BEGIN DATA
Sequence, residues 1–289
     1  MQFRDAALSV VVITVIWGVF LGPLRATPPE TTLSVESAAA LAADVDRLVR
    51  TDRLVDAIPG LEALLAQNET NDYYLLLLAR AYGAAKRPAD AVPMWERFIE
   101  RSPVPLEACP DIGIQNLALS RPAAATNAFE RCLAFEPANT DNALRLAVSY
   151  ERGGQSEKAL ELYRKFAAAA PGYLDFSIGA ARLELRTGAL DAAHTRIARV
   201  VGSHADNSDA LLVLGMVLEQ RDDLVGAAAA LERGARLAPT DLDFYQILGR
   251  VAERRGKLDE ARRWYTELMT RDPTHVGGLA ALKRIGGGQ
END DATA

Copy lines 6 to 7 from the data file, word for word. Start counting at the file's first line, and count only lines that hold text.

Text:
   201  VGSHADNSDA LLVLGMVLEQ RDDLVGAAAA LERGARLAPT DLDFYQILGR
   251  VAERRGKLDE ARRWYTELMT RDPTHVGGLA ALKRIGGGQ